Thursday, August 15, 2019

Audiobook Review: The Nest, by Cynthia D'Aprix Sweeney

The Next by Cynthis D'Aprix Sweeney book cover and review
The Nest, while beautifully written, was overly descriptive and just not the book for me.

The Nest is the story of four siblings who are expecting to come into their parents' substantial inheritance (which they refer to as The Nest) when the youngest of the four becomes 40 years old. When the time comes, they discover that their lawyer has given all the money to Leo, one of the siblings, to pay legal fees. The opening scene of the book is Leo leaving a wedding reception with a very young waitress in his very fast car. He's drunk, and as she's performing a sex act, they have an accident. She loses her foot and Leo is in hot water.  So the amount of The Nest is severely reduced, and Leo's siblings want him to pay it back.

The other three siblings are understandably shocked and also in deep trouble. At least two of them are. Jack is in hock for he and his partner's summer house that they've wanted for so long. Jack's partner has no idea the house has been mortgaged again. Jack will lose the house if he doesn't get the money.

Melody has twin girls that are planning on going to very exclusive private schools. How can she take that away from them? But she and her husband won't be able to afford it if they don't get The Nest. Bea is the other sibling, who has problems other than financial.

We learn literally everything about these siblings and their families. Their pasts, their lovers, their business dealings, their thoughts and feelings. And then we learn details of all the side characters. And there are a lot of them. The author goes on huge tangents. It all makes for a very detailed story in which not much happens. I did find myself chuckling and enjoying all of the literary devices that Sweeney uses. It goes on and on, and there isn't a huge payoff at the end, although I felt satisfied. I guess the bottom line is that this isn't my kind of book.

I get most of my audiobooks through the library, and most of them have a waitlist. So I listened to The Nest in three different segments because there was no waitlist for it. So when I finished a book and was waiting for the next one to become available, I would listen to some more of The Nest.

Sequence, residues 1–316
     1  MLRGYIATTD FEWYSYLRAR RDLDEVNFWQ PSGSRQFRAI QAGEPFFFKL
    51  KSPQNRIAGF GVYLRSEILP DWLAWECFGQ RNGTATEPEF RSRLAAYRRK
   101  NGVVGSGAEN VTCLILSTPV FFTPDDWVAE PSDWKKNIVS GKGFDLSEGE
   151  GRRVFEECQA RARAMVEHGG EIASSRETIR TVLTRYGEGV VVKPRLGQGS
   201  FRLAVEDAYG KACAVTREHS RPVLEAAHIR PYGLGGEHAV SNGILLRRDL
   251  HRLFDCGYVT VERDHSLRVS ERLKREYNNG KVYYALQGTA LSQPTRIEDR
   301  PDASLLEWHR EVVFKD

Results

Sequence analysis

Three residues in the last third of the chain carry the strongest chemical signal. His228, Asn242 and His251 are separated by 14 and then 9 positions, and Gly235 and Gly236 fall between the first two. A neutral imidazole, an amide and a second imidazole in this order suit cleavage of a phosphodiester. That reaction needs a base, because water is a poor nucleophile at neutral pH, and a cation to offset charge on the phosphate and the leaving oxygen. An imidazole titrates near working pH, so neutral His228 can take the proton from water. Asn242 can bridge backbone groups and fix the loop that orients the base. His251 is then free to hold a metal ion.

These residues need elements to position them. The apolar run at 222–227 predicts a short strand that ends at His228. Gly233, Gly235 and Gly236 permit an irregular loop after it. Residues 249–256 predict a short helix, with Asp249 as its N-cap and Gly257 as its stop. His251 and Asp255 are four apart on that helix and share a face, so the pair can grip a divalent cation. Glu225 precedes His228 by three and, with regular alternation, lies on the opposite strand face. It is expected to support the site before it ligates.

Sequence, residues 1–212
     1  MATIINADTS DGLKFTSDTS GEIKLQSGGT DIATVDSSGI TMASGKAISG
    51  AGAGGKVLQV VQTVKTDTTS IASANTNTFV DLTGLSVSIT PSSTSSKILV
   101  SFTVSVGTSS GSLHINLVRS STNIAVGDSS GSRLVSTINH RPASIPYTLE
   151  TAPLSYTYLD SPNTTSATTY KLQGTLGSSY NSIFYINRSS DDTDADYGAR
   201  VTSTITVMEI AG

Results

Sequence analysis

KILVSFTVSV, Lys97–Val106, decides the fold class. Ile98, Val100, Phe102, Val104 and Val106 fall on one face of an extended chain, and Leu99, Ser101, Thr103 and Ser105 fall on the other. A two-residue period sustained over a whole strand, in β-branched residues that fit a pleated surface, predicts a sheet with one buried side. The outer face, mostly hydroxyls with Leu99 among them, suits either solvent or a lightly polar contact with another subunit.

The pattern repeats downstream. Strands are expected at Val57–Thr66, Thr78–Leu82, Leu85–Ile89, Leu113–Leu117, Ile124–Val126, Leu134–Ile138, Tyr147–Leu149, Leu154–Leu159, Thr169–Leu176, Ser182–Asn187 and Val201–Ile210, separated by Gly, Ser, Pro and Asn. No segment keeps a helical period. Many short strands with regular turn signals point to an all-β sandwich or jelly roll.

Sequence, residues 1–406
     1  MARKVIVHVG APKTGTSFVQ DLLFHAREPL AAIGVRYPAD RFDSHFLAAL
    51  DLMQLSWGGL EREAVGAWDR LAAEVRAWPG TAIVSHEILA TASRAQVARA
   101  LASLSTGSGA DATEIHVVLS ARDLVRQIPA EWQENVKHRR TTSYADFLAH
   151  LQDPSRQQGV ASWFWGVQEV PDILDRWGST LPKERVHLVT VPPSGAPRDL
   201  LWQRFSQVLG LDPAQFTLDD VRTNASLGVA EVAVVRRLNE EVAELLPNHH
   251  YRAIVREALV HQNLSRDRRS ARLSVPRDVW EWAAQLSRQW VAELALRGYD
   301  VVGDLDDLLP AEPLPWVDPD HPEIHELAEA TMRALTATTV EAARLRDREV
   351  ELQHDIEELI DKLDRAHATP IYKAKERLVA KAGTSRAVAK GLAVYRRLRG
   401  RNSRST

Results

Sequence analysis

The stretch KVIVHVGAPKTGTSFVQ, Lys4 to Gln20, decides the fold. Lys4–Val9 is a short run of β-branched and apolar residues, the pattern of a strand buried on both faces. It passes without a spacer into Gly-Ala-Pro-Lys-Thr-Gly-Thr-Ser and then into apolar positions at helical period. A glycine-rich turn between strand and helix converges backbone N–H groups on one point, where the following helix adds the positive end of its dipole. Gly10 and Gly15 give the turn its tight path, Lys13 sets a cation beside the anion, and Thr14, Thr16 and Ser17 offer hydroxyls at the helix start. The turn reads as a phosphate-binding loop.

This turned out to be a good way for me to experience the book. I am also much more patient with audiobooks and don't mind so much that they are slow and meandering. Because The Nest certainly was. It also helps that the narrator, Mia Barron, was good. But she was slow too, so I had to listen at 1.5 speed.

I've read that The Nest is soon to be a motion picture, although I couldn't find anything on the IMDB. If you enjoy books just for the literary style and interesting characters, then I would highly recommend The Nest.

Published by Ecco, 2016
Audiobook obtained from the library
368 pages

Rating: 3.5/5

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Tuesday, August 13, 2019

Book Review: Things You Save in a Fire, by Katherine Center @katherinecenter

Things You Save in a Fire by Katherine Center book cover and review
Once again, Things You Save in a Fire is not my usual fare.  I'm not sure why I chose to download it, but I really enjoyed this sweet story.

Cassie Hanwell is tough. She's been that way since she's had to deal with some tough situations in her short life. One being her mother leaving her dad for another man on Cassie's 16th birthday! And Cassie has never forgiven her mother.

But Cassie has found her niche. She's a firefighter -- a great firefighter, and as the story opens, she is being honored in Austin, Texas for her heroism. That ceremony will change her life.

I don't want to give too much away, but the ceremony disaster, as well as the fact that her estranged mother has asked Cassie to live with her for one year, has Cassie moving across the country to work for a fire department in a small town near Boston. Her mother has gone blind in one eye and needs Cassie to help out until she gets used to her new situation. Cassie wants nothing to do with her mother and has no intention of forgiving her or becoming close. Cassie has been warned that her new Captain will be difficult. He's one of those firefighters, along with his entire crew, who doesn't think women can be firefighters. Cassie has a lot to prove.

And it does prove difficult. But Cassie, being the tough girl she is, is up to the task. Sort of. Things, of course, don't go as expected, not just in her job, but in every other way.

I really enjoyed the pacing of Things You Save in a Fire. I thought the setup and drama of Cassie's new situation kept my interest and moved quickly. The romance is delightful and had me giggling more than once. The build-up of tension and danger at the end was perfect.